2nd career nurses- any regrets?

  1. Hi,
    Maybe you can help me. I am a married 38-year-old mother of three, and I work part-time at home as a Chemical Information Specialist. This is a job with a big title, but low-pay. Now that my three children are school age, I'd like to get out of the house and pursue a medical career. Some realistic options that I have are nursing, dietetics, or contiue in my current job.
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  2. 15 Comments

  3. by   benzene
    Sorry,
    I didn't finish my post. This is my first time posting and I accidently sent the post before I was finished.
    Anyway, I do like my current job. I have great flexibility in working at home and make about $17.00/ an hour. In today's job market, though, I feel that I should be broadening my skills in case of a lay-off. I've always been interested in medicine and would love to acquire the kind of knowledge that nurses receive in school. I also like the idea of helping people in a meaningful way.
    After reading many posts on the subject of nursing as a career, I am starting to feel foolish for considering this option. I would love to hear from anyone who chose nursing as a second career and whether or not they are glad that they did. Thank you in advance for any reply.

  4. by   dawngloves
    I regret I didn't go to nursing school first!
    I love what I do. I make good money. More than I can say for my last career.
    Do it! You'll know before you graduate if you made the right choice. Don't spend your days, "What if?"-ing!
    Good luck!!
  5. by   SmilingBluEyes
    Ex-Air Force. Late entry nurse at age 34. NO REGRETS 5 years later. Ijust wish I had had the confidence to pursue it sooner. I never felt I had the brains, patience or talent. Anyhow, I am happy w/my decision and never look back. :-)
  6. by   studentdeb
    I am not in nursing yet, but I am going to go to school for it. I was just accepted into the program last week and will begin in August. I am 39 and have two children and this will be a 2nd career for me also. If all goes well, I will be finished in Dec 2004 for the RN and then will continue on to pursue the BSN.

    Sometimes I get discouraged by some posts I read, but the good posts outweigh the negative ones.

    I think you should go for it. You won't know until you try. We can support each other as we go to school.

    Good luck in what you decide.

    Debi
  7. by   live4today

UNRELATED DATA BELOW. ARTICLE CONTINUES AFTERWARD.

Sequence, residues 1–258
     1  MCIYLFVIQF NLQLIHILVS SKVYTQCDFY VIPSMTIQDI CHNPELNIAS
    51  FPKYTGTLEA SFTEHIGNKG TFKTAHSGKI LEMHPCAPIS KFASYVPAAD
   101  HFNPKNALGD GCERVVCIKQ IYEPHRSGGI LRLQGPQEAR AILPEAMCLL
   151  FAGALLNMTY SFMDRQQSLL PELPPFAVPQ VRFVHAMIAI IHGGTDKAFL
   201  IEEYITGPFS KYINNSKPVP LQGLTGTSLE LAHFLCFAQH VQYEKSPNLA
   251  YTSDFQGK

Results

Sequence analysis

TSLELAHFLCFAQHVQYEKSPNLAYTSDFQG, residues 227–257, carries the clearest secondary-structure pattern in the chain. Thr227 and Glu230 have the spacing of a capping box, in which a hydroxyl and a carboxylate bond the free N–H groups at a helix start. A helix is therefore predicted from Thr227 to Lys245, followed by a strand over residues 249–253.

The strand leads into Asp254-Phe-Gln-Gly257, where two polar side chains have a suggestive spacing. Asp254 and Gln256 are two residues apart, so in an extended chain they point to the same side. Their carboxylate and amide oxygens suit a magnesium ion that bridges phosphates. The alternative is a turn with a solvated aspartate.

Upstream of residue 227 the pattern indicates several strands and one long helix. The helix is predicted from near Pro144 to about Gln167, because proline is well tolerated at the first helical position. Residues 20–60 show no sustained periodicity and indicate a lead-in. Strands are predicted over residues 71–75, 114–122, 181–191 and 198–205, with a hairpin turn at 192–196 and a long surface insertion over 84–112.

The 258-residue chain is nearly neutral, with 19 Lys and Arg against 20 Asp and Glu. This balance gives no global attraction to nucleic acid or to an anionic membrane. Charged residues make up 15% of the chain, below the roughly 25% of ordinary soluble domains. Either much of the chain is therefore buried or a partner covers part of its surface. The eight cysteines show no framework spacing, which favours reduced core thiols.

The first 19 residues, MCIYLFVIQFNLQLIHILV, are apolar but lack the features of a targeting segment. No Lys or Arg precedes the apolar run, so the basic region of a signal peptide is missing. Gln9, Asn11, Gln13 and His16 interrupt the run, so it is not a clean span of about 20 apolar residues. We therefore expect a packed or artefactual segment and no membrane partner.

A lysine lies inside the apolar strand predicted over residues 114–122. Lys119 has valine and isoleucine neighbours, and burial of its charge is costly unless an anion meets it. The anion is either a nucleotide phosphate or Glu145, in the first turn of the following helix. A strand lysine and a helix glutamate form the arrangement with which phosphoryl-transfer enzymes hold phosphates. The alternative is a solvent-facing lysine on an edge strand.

I was a very lucrative Real Estate Agent prior to becoming a nurse. I had already had a lot of college courses at that time...and had the real estate market not gone sour then, I would probably still be selling real estate as it paid very well.

    Once the real estate market went sour, I was approached by a student in one of my psych classes to consider becoming a nurse...so I did...so did she...NO REGRETS...and that student and I have been the bestest of friends...more like real sisters...for the past 18 years. So, I not only gained another career...I gained a really true friend and sister. :kiss

    One should never have any regrets for the paths their lives have walked because one step leads to another step and eventually brings us to where we should be. So, embrace each path of your life...have NO regrets about it...we can't change the past, BUT...we CAN gather up its lessons and move on...stronger and wiser than we were before. :kiss
    Last edit by live4today on Jul 10, '02
  8. by   Enright
    I am a second career nurse, having left a criminal justice career at 31 to get my BSN. I had weighed going on to a MA/PhD in CJ but then decided to change to nursing.

    I have very few regrets. Nursing has been portable with a lot of varied opportunities. I would warn you that the most plentiful opportunities come with schedule headaches...nights, weekends, Christmas...if you work from your home now you may not fully appreciate how scheduling may affect your life. Competition for nursing roles with normal hours can be intense....50 RNs applied for my job as a state RN consultant.